Pharmaceutical Giant Sanofi Treated 24 COVID-19 Patients Using Malaria
- Author: Ismael Montgomery Mar 20, 2020,
Mar 20, 2020, 0:25
Neither drug is a proven treatment for COVID-19, the deadly disease caused by the coronavirus, however, and neither is likely to be publicly available in the near future.
Like previous White House briefings, this one suffered from conflicting messages from the president and his advisers. The Food and Drug Administration has approved hydroxychloroquine and chloroquine for use against COVID-19.
But Trump falsely suggested to reporters that the FDA had just cleared the drug specifically for the viral pandemic spreading in communities across the U.S. That would mean that the drug had met the FDA's standards for safety and effectiveness. "I have great hope for how we're going to come out of this situation".
"We need to make sure that this sea of new treatments - we'll get the right drug to the right patient at the right dosage at the right time", he said, explaining that the right drug may be available but it may not be in the right dosage, "and that may do more harm than good".
Lab studies (including research published in Virology Journal in 2005) show that chloroquine is effective at preventing as well as treating the virus that causes severe acute respiratory syndrome (SARS), which is caused by another strain of coronavirus.
"We could collect the blood, this is a possible treatment, not a proven treatment, and concentrate that".
COVID-19: Alberta school closures, if implemented, could last until September
I know some Albertans will wonder if these restrictions were truly necessary. "As I have repeatedly said, this is our new normal". Hinshaw delivered an update on the novel coronavirus on March 16 via video conference after reporting mild symptoms of a cold.
"A drug called chloroquine, and some people would add to it, hydroxy, Hydroxychloroquine, this is a common malaria drug".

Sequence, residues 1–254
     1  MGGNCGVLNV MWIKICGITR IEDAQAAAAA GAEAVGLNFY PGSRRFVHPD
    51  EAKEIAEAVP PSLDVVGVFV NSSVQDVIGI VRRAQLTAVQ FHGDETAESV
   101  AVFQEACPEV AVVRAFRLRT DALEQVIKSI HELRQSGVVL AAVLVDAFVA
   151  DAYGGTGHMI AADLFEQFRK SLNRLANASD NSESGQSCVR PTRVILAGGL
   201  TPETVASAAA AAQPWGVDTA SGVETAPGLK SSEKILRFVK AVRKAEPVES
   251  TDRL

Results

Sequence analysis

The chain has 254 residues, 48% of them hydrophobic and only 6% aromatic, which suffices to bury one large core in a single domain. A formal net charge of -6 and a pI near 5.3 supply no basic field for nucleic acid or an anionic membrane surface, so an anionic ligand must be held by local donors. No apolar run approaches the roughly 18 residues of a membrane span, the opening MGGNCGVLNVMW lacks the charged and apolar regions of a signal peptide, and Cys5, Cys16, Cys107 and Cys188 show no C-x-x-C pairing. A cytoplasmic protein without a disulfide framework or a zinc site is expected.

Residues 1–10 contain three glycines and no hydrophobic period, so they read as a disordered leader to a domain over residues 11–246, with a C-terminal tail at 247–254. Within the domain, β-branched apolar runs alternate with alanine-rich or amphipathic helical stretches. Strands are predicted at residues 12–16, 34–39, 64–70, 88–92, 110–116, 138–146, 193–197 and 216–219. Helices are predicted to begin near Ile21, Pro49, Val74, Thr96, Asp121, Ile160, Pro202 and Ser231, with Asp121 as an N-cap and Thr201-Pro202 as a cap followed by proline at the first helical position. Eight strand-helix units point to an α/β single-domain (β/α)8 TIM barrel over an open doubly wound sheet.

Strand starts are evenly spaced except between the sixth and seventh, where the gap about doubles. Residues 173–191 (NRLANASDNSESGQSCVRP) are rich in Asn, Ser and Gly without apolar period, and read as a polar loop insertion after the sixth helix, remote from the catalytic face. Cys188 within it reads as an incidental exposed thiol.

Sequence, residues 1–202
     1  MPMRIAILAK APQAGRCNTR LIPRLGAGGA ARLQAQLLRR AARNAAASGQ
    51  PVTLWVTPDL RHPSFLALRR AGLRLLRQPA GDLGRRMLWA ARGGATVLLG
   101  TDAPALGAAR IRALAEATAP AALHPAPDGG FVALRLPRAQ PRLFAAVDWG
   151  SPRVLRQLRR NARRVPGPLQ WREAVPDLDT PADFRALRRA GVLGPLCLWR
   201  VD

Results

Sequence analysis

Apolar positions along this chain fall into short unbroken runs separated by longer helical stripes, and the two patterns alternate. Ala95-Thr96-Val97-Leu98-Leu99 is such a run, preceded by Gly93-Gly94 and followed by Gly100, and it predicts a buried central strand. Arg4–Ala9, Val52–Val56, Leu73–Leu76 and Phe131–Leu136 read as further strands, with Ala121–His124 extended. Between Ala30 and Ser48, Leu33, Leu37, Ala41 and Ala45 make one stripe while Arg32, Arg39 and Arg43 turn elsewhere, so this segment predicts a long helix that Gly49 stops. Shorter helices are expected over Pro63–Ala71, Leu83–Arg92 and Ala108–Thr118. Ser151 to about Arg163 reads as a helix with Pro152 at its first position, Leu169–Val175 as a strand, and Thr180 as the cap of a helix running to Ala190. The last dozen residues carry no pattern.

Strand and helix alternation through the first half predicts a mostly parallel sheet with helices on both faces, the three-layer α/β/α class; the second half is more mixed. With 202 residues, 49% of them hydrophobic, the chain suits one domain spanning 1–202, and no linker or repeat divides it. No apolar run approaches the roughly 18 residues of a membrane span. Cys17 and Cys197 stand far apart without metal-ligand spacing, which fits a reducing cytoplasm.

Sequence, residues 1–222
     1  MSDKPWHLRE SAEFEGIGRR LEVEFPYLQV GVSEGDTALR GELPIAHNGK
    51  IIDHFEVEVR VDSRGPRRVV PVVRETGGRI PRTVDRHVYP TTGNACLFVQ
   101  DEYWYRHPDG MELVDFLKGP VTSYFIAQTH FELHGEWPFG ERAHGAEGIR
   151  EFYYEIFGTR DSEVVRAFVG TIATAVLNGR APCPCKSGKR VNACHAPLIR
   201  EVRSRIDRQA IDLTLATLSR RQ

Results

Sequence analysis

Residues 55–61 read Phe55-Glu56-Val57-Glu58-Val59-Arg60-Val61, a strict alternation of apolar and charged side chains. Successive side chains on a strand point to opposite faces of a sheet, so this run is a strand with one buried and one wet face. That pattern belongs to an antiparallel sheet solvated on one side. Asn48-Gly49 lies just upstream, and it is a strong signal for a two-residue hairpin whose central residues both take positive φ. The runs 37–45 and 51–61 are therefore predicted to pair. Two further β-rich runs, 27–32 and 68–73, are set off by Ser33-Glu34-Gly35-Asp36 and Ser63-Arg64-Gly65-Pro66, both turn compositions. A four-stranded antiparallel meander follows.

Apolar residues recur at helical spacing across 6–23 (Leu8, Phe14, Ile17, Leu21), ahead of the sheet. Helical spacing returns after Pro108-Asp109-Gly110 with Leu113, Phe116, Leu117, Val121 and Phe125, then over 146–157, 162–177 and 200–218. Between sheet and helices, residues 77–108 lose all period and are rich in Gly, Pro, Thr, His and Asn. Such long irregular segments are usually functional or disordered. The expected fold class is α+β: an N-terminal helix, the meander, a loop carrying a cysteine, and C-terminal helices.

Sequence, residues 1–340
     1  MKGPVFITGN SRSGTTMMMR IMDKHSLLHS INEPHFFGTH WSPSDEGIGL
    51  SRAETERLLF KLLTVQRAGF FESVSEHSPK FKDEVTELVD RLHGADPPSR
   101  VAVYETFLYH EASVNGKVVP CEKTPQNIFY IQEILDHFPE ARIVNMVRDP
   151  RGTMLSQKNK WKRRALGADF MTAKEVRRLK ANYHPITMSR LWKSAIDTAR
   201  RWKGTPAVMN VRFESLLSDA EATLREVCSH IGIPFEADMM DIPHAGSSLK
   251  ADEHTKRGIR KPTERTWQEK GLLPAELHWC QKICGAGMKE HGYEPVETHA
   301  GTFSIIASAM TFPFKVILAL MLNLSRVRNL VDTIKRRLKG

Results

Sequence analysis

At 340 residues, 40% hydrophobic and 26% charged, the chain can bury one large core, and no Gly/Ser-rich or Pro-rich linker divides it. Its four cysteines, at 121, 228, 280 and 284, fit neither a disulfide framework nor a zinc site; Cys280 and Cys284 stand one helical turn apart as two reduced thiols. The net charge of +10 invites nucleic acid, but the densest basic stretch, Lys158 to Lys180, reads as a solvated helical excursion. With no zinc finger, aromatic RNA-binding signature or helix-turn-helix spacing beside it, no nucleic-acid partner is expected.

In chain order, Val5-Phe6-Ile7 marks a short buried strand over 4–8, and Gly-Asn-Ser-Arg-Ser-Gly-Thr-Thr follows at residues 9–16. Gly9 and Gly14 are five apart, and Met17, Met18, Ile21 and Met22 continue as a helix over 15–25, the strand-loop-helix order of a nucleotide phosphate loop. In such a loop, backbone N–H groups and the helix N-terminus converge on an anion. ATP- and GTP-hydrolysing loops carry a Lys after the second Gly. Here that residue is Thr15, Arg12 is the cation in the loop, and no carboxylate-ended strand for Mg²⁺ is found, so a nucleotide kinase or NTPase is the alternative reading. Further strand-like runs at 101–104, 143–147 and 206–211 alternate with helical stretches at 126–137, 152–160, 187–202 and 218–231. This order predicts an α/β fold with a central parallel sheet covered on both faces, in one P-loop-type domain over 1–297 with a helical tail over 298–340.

"We now work with four different distributors and as of today are unable to order any chloroquine or hydroxychloroquine", which are on back order, David Light, chief executive of online pharmacy Valisure, said in an emailed statement.
French health minister Olivier Véran has said that new tests will now go ahead in order to evaluate the results by Professor Raoult, in an attempt to independently replicate the trials and ensure the findings are scientifically robust enough, before any possible decision might be made to roll any treatment out to the wider public. "We want to do that in the setting of a clinical trial - a large, pragmatic clinical trial - to actually gather that information and answer the question that needs to be asked and answered". The drug has been used in a small number of patients with COVID-19 in an experimental manner, according to Gilead.
She also emphasized that the outbreak remains highly localized in the USA, with more than 50% of cases coming from three states, "which is why we continue to prioritize testing in those states". "The big advantage of chloroquine is it's available for use in people, it's a pretty safe drug, and it's not terribly expensive".
36 patients - including 20 treated individuals and 16 infected controls - were enrolled in the study, led by Didier Raoult, an infectious disease expert from l'Institut Hospitalo-Universitaire in Marseille.
Regeneron Pharmaceuticals says it will lanch a study of Kevzara, its rheumatoid arthritis drug that also targets interleukin-6, against the coronavirus.